AARP commissioned a survey of Rhode Island residents ages 50 and older living in areas most heavily affected by Superstorm Sandy to gather insights on how these residents were impacted by the storm. The survey explores residents’ opinions of how well the government and service providers responded to the storm, the extent of impact caused by power outages, as well as what information might have been useful for them to have right after the storm.
Key findings included:
- Overall, the majority of residents surveyed rated service providers and elected officials positively in their response to the storm. Electric utilities received the lowest ratings, however, with about one-quarter of respondents saying they did a poor to fair job in the days and weeks following Sandy.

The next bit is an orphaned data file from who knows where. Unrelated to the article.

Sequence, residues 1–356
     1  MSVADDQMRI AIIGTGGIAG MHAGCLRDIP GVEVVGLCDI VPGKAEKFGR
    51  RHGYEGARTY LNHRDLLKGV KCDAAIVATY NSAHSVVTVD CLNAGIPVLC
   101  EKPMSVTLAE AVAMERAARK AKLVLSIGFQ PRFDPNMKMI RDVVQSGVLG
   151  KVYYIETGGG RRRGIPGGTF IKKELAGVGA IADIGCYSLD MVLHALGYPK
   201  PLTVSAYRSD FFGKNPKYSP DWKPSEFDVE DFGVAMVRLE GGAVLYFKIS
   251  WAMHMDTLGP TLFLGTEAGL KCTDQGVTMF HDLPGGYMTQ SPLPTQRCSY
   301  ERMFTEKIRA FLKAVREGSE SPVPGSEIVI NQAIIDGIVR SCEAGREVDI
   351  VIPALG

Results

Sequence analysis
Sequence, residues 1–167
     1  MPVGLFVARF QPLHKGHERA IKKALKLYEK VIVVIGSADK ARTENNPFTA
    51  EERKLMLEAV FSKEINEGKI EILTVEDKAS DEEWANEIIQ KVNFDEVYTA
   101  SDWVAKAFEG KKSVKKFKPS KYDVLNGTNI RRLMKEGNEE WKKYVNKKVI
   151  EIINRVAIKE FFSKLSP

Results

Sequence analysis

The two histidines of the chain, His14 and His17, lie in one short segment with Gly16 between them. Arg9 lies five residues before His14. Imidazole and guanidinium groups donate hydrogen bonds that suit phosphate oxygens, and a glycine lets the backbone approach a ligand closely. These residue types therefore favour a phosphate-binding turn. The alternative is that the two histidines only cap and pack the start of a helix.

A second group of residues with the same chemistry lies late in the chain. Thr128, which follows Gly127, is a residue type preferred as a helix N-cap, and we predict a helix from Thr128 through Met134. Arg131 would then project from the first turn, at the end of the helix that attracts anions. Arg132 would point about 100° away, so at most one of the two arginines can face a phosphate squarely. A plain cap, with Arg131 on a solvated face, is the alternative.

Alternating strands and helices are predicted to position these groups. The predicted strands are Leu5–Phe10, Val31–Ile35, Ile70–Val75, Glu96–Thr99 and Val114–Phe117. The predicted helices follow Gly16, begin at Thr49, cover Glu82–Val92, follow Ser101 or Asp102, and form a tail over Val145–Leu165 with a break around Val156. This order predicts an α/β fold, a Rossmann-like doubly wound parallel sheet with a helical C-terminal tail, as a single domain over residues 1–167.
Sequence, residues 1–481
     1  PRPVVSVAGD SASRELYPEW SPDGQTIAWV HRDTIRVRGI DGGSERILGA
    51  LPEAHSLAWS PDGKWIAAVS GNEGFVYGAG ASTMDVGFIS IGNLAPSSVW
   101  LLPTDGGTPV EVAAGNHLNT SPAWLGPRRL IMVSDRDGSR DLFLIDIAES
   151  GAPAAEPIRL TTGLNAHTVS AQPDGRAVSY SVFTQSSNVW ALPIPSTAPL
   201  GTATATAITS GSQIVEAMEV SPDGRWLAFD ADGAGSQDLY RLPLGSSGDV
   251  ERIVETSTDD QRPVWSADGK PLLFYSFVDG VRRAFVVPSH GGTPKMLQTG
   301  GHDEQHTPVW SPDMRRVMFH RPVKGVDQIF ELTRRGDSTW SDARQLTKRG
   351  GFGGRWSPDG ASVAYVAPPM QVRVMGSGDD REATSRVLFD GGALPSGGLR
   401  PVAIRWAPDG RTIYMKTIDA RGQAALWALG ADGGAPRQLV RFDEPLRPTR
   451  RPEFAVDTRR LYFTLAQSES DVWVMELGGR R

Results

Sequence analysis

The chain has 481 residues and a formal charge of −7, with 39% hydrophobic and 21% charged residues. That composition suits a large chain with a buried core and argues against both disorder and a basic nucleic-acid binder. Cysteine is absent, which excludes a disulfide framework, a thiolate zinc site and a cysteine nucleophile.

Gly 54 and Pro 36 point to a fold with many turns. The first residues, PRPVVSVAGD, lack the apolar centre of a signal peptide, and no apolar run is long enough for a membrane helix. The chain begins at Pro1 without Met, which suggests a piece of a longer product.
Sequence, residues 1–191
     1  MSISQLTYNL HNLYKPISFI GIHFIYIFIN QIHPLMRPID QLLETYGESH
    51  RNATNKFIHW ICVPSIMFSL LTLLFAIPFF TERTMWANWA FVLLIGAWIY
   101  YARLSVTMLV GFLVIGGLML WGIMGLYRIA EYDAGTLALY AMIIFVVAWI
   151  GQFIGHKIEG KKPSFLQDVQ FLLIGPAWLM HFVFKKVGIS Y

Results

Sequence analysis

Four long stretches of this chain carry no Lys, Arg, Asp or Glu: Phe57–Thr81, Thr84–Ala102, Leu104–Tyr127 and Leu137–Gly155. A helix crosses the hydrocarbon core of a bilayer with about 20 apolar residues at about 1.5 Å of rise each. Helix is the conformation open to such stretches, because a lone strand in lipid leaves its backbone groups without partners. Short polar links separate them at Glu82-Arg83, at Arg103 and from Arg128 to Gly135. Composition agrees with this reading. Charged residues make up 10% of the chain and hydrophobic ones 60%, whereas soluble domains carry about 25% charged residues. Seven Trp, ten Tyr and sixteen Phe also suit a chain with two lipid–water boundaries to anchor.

- Most respondents (84%) lost power as a result of Sandy, with more than half (55%) of these residents being without power for at least three days. About seven percent of respondents report the loss of power complicated health issues, with most of these individuals experiencing interferences with their medical equipment (76%), and many others having issues with monitoring systems (36%) and prescription drug storage (26%) due to the power outage. Those with disabilities were more than twice as likely (17%) to report having health-related complications due to the power outage.
- Having important phone numbers for emergency assistance (50%) tops the list of information respondents say would have been helpful to have after the storm, followed by tips on how to avoid crime and scams, such as identity theft and price gouging (39%) and information about where to make claims for property losses (38%).
This telephone survey of Rhode Island residents ages 50+ was fielded December 19 to December 27, 2012. A total of 800 interviews were completed in the towns of Westerly, Narragansett, South Kingstown, Charlestown, Jamestown, Middletown, Little Compton, and Newport. For more information, please contact Kate Bridges at 202-434-6329.
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